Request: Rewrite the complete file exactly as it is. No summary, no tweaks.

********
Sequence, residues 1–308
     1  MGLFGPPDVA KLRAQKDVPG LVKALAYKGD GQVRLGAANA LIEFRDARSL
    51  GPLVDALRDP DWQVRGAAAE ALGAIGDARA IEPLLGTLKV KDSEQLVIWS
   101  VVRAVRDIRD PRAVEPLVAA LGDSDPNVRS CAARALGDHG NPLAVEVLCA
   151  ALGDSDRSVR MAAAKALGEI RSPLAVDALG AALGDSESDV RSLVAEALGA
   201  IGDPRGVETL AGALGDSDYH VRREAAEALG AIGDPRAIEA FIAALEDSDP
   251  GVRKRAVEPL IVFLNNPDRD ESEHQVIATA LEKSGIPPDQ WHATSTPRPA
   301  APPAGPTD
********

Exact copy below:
Sequence, residues 1–308
     1  MGLFGPPDVA KLRAQKDVPG LVKALAYKGD GQVRLGAANA LIEFRDARSL
    51  GPLVDALRDP DWQVRGAAAE ALGAIGDARA IEPLLGTLKV KDSEQLVIWS
   101  VVRAVRDIRD PRAVEPLVAA LGDSDPNVRS CAARALGDHG NPLAVEVLCA
   151  ALGDSDRSVR MAAAKALGEI RSPLAVDALG AALGDSESDV RSLVAEALGA
   201  IGDPRGVETL AGALGDSDYH VRREAAEALG AIGDPRAIEA FIAALEDSDP
   251  GVRKRAVEPL IVFLNNPDRD ESEHQVIATA LEKSGIPPDQ WHATSTPRPA
   301  APPAGPTD